Camille Paglia is a professor of the humanities at The University of the Arts in Philadelphia and a leading public intellectual.
Paglia was recently interviewed by Tyler Cowen, an economist and polymath. In that conversation, Cowen asked Paglia about a line she had written about her intellectual development during the 1970s. While other people had psychedelic experiences from LSD and other drugs, she was eating Indian food. Specifically, she ate lamb vindaloo to open her mind. She explains to Cowen:
COWEN: You once wrote, I quote, “My substitute for LSD was Indian food,” and by that, you meant lamb vindaloo.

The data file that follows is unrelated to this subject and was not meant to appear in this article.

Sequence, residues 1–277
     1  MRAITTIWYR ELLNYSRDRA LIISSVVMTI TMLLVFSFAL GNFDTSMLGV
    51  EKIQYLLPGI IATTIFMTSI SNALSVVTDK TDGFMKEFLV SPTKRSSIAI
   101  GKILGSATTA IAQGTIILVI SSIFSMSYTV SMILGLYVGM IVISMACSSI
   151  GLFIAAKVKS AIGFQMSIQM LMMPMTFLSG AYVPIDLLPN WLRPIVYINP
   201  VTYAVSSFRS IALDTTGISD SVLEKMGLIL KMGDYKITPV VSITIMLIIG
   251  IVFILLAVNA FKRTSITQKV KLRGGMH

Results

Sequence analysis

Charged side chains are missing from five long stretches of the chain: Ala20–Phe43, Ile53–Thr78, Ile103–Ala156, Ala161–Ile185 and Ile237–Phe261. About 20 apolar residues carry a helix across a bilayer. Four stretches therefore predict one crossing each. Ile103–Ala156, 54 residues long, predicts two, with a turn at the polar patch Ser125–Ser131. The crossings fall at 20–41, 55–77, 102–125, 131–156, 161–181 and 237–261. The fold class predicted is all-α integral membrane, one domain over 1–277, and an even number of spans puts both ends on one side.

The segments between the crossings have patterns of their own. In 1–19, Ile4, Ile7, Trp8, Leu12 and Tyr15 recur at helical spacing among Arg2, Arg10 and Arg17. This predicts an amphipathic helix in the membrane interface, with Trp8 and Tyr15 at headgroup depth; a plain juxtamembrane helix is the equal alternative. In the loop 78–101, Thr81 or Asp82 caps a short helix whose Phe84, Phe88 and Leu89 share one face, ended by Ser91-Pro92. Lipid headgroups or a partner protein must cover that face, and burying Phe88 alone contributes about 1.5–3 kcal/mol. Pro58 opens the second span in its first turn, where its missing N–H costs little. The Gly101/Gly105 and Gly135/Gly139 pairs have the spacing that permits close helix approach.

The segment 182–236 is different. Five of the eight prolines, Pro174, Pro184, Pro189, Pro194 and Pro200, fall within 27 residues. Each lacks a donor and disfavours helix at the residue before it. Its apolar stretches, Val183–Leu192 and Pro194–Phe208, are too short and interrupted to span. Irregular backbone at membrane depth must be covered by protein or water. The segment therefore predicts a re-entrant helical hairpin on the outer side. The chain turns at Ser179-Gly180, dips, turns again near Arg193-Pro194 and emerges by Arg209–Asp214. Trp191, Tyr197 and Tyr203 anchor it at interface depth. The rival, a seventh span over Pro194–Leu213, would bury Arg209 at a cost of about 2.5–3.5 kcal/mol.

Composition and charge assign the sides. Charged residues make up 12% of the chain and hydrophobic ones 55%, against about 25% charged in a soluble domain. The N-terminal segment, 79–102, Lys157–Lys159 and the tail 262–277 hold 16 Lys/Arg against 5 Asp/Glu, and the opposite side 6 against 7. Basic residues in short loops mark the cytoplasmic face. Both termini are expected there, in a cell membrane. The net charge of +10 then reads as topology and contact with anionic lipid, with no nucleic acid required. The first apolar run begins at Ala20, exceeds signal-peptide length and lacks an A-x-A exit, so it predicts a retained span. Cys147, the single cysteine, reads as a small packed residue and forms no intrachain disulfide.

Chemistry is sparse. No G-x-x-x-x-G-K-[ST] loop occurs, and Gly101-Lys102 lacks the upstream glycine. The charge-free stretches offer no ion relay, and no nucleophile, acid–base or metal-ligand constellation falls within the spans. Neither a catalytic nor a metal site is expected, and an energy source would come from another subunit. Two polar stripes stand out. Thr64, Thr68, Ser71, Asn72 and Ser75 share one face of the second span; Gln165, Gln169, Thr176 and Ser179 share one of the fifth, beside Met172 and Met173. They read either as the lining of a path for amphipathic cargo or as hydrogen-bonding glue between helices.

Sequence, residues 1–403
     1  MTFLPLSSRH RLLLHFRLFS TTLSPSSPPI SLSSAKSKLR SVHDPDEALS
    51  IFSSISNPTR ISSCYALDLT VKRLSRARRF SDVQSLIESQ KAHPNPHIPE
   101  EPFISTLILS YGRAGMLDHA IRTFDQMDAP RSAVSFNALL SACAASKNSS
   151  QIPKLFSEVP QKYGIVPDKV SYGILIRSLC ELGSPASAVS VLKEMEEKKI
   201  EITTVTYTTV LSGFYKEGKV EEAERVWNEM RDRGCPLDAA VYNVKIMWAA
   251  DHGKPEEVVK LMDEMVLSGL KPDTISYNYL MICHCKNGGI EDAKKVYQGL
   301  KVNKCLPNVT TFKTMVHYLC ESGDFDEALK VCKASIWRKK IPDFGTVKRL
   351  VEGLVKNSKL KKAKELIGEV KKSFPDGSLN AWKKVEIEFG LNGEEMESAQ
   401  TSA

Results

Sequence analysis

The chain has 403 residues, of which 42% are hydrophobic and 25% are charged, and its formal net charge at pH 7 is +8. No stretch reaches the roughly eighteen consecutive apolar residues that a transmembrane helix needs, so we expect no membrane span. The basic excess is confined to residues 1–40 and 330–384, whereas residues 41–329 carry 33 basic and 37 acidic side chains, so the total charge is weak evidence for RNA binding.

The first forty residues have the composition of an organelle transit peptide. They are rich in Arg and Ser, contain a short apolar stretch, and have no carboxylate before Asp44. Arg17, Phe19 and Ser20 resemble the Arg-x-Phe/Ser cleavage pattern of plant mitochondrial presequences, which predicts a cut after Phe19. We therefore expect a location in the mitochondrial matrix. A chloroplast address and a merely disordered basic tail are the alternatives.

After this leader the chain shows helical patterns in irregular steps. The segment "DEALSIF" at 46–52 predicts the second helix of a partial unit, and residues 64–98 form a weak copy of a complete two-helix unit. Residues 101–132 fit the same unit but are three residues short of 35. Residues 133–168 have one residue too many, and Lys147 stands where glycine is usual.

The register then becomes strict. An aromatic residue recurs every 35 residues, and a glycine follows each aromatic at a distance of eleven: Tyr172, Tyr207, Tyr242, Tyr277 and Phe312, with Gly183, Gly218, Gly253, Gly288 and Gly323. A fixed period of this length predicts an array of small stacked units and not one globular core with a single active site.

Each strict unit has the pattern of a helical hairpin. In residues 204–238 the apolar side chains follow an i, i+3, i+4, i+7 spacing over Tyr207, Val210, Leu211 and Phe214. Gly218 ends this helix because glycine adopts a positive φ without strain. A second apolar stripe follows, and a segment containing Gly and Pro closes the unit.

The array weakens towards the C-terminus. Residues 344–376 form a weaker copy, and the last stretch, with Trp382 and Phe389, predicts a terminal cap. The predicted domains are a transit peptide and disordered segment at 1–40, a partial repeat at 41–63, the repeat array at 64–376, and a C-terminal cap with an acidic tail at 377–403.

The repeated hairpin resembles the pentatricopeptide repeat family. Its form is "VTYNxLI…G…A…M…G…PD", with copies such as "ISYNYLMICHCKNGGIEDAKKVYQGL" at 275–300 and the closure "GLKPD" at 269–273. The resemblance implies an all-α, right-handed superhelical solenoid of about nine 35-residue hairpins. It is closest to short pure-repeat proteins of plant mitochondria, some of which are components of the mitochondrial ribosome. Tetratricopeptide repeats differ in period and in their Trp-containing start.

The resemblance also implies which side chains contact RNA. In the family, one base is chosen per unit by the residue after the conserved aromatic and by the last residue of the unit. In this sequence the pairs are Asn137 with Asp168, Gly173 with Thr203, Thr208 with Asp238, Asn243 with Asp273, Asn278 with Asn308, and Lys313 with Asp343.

COWEN: You stand by this.
PAGLIA: Yes, I’ve been in a rut on lamb vindaloo.
COWEN: A rut, tell us.
PAGLIA: It’s a horrible rut.
COWEN: It’s not a horrible rut, it may be a rut.
PAGLIA: No, it’s a horrible rut. It’s a 40-year rut. Every time I go to an Indian restaurant, I say “Now, I’m going to try something new.” But, no, I must go back to the lamb vindaloo.
All I know is it’s like an ecstasy for me, the lamb vindaloo.
COWEN: Like De Quincey, tell us, what are the effects of lamb vindaloo?
PAGLIA: What can I say? I attain nirvana.
Good Indian food will do that.
You can read or watch the rest of their conversation here, which includes Paglia's thoughts on the movies Ben-Hur and Star Wars Episode III.